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Bhutan's king weds commoner bride and crowns her queen

King Jigme Khesar Namgyel Wangchuck smiles at his bride Jetsun Pema during the purification marriage ceremony in the historical Punakha Dzong in Punakha, Bhutan on Oct. 13, 2011.

Paula Bronstein/Getty Images

In this year's other royal wedding, King Jigme Khesar Namgyel Wangchuck has wed his brainy and beautiful commoner fiancée Jetsun Pema in a ceremony attended by no other royals or heads of state, but by thousands of citizens of the isolated Himalayan kingdom of Bhutan.

The traditional Buddhist ceremony was held in the 500-year old monastery fortress at Punakha, and celebrations involving elaborate traditional dances are now underway beneath massive banners showing the couple arm-in-arm. Tens of thousands of Bhutanese traveled into the capital to join the celebrations, which will last for three days.

At 8:20 a.m., a time deemed most auspicious by the royal astrologers, the King, wearing the raven crown, came down from his golden throne in front of a huge statue of Buddha to place a smaller, silk brocade crown upon the head of his bride. Monks chanted in celebration as she took her seat beside him as the new queen.

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The couple have become media darlings across South and South East Asia since their engagement was announced in May: the queen, who is 21, is reported to be an excellent student and a sharp-elbowed basketball player. The King had been tagged with the moniker "Prince Charming of the Himalayas"; he is said to be a fierce mountain-biker and to love the music of Elvis Presley. At 31, he was viewed by many of his subjects as badly behind schedule in choosing a queen.

The King took over power from his father five years ago and oversaw Bhutan's transition to constitutional democracy and its first elections in 2008. Oxford-educated, a champion of development who has also vowed to shelter his people from globalization, he is known for his efforts to hear the views of his citizens – he moved out of the traditional palace and into a modest cottage in the capital. Parliamentary opposition leader Tshering Tobgay recently told reporters that the King had met with "almost every" Bhutanese in recent years, which is not as far-fetched as it might sound, as the population is 700,000 people.

The new queen, who has knife-blade cheekbones and a tumble of glossy black hair, is working on a degree in international relations at Regent's College in London. Her father is an airline pilot (if one were to make the obvious comparisons with the House of Windsor wedding earlier this year, it might be noted that Kate Middleton's parents also worked for airlines for years).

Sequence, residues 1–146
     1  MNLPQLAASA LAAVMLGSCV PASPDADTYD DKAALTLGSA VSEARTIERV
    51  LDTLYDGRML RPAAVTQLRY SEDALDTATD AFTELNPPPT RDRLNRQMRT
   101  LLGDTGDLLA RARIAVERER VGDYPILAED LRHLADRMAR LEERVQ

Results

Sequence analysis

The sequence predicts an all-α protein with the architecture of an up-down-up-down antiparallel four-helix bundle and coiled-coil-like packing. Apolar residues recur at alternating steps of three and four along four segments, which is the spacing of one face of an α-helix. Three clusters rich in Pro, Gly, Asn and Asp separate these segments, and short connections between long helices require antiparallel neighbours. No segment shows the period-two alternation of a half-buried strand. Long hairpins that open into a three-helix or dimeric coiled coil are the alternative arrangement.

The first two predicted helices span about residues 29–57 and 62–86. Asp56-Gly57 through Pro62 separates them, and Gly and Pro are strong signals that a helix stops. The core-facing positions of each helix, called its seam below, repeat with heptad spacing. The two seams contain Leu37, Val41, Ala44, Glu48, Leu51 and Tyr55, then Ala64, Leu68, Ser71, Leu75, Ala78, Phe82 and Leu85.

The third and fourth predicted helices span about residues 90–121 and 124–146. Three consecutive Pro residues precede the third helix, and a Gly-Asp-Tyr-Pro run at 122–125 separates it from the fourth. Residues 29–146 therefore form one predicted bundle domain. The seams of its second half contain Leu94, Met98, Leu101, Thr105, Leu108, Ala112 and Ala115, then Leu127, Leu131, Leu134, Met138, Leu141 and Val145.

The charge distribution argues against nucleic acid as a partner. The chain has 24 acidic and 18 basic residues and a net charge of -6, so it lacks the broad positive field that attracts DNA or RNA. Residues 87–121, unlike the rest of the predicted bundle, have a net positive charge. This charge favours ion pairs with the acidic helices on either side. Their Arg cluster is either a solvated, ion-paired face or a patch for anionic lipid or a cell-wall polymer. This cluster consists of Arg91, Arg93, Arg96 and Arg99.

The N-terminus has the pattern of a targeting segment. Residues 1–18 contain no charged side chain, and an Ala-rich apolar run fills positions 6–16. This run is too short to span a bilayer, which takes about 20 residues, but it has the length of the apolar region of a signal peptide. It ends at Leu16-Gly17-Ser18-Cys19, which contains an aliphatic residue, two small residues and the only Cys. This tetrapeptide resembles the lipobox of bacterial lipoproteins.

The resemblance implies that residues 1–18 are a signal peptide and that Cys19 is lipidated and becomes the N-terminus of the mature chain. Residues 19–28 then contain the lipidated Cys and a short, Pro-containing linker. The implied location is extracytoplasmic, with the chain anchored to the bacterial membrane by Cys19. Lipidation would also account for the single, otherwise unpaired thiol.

The couple wed in a ceremony unchanged from the earliest days of Bhutan's monarchy. At the fort, the country's most senior Buddhist official performed a purification ritual for the couple in front of a massive 100-foot Thongdal tapestry of Bhutan's 17th-century founder, according to the Associated Press. The pair then proceeded to the temple for a ceremony broadcast live on national television but for a few minutes when the King, his father – the former ruler – and the cleric entered the sacred tomb of the founder of Bhutan. Almost the entire population was expected to watch the ceremony on television.

The King's father gave the bride an array of five coloured scarves representing blessings from the tomb. Hesitantly, she then approached the King's throne with a golden chalice filled with the ambrosia of eternal life. They held it together for several seconds and then he drank.

Bhutan has admitted foreigners into the country only since the mid-1970s, and permitted broadcast of foreign television only for the past 12 years. But its population is mostly young people, with a hungry interest in the West and products such as smart phones. The King has walked a delicate line providing guidance to government through the fast-moving changes of recent years, as the country seeks to build the economy while preserving its culture – and has won praise for keeping ostentatiously clear of the functions of parliament.

But it is his romantic life that has most interested his citizens in recent years. He had reportedly been dating the new queen for some time, although the romance was kept out of the brand-new independent newspapers of Thimphu. But once he went public, he made no effort to hide how smitten he was, appearing in public holding her hand, an almost unthinkable act in the conservative culture of the region. Now, it's trendy for couples to hand-hold in Thimphu.

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The King has spoken publicly to audiences of young people in recent months about how much he admires the new queen, and how in love with her he is; he even told one group that they had met at a family picnic 14 years ago and he had proposed, although she was just 7. Bhutanese media quoted him telling the students that he said: "When you grow up, if I am single and not married and if you are single and not married, I would like you to be my wife, provided we still feel the same."

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About the Author
Latin America Bureau Chief

Stephanie Nolen is the Latin America correspondent for The Globe and Mail.After years as a roving correspondent that included coverage of the wars in Iraq and Afghanistan, Stephanie moved to Johannesburg in 2003 to open a new bureau for The Globe, to report on what she believed was the world's biggest uncovered story, Africa's AIDS pandemic. More

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